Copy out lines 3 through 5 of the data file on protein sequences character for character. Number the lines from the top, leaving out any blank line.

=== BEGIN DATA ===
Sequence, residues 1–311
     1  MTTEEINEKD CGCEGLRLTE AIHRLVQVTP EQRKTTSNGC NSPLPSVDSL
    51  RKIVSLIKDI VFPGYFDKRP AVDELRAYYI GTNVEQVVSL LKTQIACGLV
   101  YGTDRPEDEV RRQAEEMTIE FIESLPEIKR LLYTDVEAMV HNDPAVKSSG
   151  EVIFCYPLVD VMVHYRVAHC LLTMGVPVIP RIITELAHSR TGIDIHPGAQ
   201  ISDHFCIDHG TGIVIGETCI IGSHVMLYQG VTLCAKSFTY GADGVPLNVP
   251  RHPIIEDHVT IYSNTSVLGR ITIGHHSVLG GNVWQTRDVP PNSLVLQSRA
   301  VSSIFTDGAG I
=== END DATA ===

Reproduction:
    51  RKIVSLIKDI VFPGYFDKRP AVDELRAYYI GTNVEQVVSL LKTQIACGLV
   101  YGTDRPEDEV RRQAEEMTIE FIESLPEIKR LLYTDVEAMV HNDPAVKSSG
   151  EVIFCYPLVD VMVHYRVAHC LLTMGVPVIP RIITELAHSR TGIDIHPGAQ